Nominated for Best Documentary at this years Academy Awards, Waste Land sounded like an interesting film. Brazilian artist Vik Muniz, after achieving success in the United States and Europe, devised a project that would contribute back to the poor of his home country, a world in which he himself had grown up. He goes to Jardim Gramacho in Rio de Janeiro, the world’s largest garbage dump and seeks to create portraits of the garbage pickers out of the recyclable materials that they pick from the trash, employing them in the process.
He then photographs these huge constructed images and turns out huge prints that tour at major art museums and are sold at auction, passing the money (or some portion of it) back to the garbage pickers and their union, giving them funding but also exposure, drawing attention to their lives.
It’s interesting, and certainly some of the garbage pickers are charming, inspiring characters. What Muniz did was generous and meaningful, helping people as he has. Director Lucy Walker follows him through the creation of the project, down into the massive, overwhelming dump, through the art project and the exhibitions. And the film has moments of hope and joy.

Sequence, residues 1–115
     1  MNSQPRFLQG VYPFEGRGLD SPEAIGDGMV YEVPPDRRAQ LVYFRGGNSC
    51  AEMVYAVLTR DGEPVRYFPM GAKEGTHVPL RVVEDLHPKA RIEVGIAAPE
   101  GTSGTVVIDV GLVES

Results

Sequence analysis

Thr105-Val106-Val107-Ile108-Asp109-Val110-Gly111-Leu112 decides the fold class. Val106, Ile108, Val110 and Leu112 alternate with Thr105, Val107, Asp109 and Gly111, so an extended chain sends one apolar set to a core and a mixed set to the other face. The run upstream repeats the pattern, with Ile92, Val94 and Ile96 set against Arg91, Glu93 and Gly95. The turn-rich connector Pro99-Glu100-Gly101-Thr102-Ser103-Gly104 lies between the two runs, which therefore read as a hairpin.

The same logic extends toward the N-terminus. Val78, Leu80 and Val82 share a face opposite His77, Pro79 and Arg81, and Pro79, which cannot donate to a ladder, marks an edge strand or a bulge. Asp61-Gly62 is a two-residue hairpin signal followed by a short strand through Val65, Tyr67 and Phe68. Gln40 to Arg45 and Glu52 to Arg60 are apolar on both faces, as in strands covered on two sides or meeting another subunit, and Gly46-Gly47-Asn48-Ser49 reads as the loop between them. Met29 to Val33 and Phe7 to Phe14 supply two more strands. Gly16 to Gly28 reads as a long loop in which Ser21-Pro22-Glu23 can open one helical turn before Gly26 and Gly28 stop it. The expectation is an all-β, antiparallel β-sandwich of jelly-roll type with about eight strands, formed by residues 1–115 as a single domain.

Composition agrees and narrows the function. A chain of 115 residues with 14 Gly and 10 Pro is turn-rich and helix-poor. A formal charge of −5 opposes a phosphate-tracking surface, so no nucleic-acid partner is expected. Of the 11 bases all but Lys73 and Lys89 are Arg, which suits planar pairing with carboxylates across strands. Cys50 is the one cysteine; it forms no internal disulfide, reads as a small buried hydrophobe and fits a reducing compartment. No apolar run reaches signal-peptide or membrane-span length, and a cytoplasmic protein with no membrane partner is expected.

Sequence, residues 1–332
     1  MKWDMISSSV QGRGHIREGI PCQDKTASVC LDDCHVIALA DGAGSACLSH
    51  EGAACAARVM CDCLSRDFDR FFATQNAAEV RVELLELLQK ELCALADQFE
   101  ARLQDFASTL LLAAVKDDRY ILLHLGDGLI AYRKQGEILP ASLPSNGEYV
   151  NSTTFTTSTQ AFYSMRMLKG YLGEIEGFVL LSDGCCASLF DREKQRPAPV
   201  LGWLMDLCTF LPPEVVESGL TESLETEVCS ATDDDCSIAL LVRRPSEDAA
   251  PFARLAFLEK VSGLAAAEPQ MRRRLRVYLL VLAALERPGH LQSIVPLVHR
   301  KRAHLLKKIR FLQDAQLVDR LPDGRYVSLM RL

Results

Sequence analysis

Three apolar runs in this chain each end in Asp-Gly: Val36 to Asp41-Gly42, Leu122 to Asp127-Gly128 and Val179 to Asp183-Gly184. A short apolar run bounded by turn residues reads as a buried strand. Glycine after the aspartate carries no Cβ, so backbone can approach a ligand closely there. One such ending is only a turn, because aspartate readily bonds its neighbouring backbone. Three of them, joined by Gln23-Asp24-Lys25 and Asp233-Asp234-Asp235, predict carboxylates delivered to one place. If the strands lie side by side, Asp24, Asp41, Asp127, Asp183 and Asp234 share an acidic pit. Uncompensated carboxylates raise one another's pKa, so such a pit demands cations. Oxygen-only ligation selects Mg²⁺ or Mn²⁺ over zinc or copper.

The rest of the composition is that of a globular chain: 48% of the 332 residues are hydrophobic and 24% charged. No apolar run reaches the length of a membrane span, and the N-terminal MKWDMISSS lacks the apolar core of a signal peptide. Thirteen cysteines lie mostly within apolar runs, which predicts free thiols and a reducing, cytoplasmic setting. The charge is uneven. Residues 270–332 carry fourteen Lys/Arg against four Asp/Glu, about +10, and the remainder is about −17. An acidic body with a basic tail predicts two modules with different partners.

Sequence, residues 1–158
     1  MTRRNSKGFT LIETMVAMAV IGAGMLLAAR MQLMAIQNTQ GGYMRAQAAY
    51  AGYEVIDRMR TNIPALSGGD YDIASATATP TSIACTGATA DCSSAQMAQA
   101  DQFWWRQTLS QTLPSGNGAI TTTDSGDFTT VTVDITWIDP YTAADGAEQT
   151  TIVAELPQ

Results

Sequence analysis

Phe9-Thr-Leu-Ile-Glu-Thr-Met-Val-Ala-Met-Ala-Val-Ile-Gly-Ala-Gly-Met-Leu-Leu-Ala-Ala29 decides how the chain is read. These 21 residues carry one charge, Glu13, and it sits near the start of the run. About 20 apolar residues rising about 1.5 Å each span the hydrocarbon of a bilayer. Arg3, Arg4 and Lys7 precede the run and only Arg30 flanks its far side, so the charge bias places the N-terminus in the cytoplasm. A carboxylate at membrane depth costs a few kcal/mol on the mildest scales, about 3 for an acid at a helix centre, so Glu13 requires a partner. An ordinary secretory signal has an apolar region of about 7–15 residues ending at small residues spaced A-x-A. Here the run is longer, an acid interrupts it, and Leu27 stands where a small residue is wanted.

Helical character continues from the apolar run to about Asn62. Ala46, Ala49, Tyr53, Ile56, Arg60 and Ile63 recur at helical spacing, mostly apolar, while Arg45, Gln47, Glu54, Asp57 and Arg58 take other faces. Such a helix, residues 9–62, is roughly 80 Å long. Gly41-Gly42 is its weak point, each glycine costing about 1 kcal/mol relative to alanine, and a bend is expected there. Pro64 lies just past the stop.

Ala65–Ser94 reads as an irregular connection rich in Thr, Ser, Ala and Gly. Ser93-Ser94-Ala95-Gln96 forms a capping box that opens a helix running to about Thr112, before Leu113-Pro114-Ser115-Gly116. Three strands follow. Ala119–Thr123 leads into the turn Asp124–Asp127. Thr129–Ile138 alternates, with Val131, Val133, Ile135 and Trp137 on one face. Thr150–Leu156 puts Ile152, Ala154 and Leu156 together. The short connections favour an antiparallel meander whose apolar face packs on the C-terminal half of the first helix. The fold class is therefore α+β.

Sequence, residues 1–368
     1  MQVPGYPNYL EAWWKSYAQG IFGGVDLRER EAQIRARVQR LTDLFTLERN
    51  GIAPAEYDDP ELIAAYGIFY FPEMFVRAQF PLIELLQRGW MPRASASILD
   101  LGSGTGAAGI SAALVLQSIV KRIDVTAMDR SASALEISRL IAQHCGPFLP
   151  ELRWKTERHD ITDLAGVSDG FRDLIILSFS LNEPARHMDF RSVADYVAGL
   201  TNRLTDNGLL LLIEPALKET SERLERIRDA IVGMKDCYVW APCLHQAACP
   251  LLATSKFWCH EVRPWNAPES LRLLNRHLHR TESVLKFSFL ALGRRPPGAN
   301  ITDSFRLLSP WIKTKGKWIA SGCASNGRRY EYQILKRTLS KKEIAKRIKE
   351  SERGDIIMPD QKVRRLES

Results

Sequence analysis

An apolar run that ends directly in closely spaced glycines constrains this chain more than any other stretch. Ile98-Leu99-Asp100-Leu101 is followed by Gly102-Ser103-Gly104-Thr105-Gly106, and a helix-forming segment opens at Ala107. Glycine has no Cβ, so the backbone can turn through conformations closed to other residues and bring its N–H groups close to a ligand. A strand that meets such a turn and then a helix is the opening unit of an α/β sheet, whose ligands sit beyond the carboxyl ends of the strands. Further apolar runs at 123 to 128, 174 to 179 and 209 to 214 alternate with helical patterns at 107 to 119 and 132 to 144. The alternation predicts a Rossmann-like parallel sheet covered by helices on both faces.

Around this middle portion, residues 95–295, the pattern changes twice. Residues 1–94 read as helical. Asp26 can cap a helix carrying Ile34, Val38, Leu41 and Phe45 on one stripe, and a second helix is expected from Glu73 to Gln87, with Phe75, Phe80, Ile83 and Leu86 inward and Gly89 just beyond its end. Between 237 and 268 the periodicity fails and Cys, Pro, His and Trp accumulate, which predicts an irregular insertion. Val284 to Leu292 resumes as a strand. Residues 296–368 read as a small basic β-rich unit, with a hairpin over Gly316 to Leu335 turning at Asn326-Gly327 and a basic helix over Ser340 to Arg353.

But it’s not the best documentary in the world. Not even the best one that had been up for Best Documentary. But it’s vantage on the marginalized poor, especially with its altruistic, artistic aspect and glimmering “feel good” qualities, it’s easy to see how it might connect with people. But it’s not “great”, though it’s interesting. I’m also not so sure about the art that Muniz creates. It’s a nice project but I would say it’s not great art. Maybe that’s the same with the film.